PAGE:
<type>analogy to other woman,
<p>Emulation of Florence
The code above essentially says: In the 11th paragraph of this volume, there’s an analogy to another woman, and that woman is Florence Nightingale.
Now, using the database and search tool that Booth is developing with the ACLS grant, a scholar could instantaneously search across all of the collective biographies of Sister Dora, looking for elements in the text: comparisons with Florence Nightingale; what kinds of comparisons to other women were common in lives of nurses and reformers like Sister Dora, or in other types of biographies and collections; where such comparisons fall in the course of the 20 versions of one woman’s life or in the narratives collected in one book; and other possible combinations.
“It really opens up a lot of new avenues of exploration,” Booth said. Narrative theorists have only begun to use computers to profile a genre, and nonfiction is relatively unexplored.
So far, Booth and the graduate students she works with have coded biographies in books that include Sister Dora or Lola Montez, a 19th-century Irish-born adventuress, dancer, actress and reformer, Victorian figures who never associate with each other in one book. The fellowship will allow her to expand the project to include English novelist Frances Trollope, astronomer Caroline Herschel, Cleopatra, and French Revolutionary figure Charlotte Corday. Booth said she also plans to update the website design and begin work on a new book, tentatively titled “Facebooks: Prosopographies in Print and Online.”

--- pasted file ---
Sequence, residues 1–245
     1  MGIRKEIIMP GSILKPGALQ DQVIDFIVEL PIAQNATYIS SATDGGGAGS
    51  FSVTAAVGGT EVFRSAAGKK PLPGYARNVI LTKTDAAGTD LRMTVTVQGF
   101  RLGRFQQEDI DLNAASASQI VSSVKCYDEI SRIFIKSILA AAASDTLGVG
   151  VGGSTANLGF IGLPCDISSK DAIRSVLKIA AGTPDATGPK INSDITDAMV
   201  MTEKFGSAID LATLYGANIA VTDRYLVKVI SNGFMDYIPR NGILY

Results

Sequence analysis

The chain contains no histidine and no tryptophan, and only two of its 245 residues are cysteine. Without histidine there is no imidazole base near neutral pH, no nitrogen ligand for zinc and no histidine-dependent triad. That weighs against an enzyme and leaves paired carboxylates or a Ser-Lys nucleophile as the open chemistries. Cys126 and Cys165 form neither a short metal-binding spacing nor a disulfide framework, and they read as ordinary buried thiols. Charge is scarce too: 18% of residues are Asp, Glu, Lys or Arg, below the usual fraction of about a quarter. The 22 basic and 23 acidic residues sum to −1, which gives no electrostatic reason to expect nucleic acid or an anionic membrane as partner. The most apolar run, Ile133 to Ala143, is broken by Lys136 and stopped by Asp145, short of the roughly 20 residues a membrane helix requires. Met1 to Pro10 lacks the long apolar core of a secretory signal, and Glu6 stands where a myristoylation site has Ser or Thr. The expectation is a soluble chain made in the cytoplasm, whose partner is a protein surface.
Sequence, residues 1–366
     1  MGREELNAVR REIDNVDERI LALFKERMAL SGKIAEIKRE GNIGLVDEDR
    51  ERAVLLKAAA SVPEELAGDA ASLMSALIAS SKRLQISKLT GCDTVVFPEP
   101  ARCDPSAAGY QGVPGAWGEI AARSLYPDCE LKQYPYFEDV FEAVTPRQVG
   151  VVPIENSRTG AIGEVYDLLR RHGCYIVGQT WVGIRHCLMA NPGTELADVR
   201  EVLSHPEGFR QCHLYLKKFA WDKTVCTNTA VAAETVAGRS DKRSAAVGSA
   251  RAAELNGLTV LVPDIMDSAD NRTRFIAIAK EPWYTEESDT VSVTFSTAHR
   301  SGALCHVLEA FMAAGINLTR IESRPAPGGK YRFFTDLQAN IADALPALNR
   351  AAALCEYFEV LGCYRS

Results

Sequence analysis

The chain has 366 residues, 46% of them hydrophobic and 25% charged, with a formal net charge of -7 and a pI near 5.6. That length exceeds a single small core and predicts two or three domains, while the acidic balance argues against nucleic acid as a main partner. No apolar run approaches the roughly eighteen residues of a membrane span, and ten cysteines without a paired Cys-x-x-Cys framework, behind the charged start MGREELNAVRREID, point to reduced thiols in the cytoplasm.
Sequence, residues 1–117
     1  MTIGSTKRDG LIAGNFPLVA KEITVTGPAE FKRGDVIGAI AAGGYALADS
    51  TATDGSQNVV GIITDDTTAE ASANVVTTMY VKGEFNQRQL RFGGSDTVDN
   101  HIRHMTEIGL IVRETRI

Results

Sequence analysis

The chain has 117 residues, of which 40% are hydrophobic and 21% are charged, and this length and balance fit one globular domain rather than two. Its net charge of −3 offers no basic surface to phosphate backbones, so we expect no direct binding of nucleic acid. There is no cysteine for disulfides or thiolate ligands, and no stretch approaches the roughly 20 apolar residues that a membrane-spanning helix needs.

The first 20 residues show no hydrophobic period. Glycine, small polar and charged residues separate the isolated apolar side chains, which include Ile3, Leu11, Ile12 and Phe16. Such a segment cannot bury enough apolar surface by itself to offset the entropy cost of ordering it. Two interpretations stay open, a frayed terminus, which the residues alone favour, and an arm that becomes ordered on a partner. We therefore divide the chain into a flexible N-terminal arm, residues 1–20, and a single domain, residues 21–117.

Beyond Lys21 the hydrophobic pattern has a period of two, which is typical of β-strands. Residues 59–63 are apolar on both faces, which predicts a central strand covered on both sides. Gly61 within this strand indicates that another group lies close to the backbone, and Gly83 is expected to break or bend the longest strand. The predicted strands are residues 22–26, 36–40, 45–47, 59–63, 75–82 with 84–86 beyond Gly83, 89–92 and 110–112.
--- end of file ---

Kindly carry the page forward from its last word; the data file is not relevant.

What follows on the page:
With collaborators, she plans to apply for additional funding to create a searchable database of narrative elements that could include all the 13,000 biographies in the complete bibliography.
The American Council of Learned Societies, a private, nonprofit federation of 71 national scholarly organizations, is the pre-eminent representative of American scholarship in the humanities and related social sciences.
Booth is among seven fellows selected by the ACLS this year, and will spend the 2014 calendar year working on the project.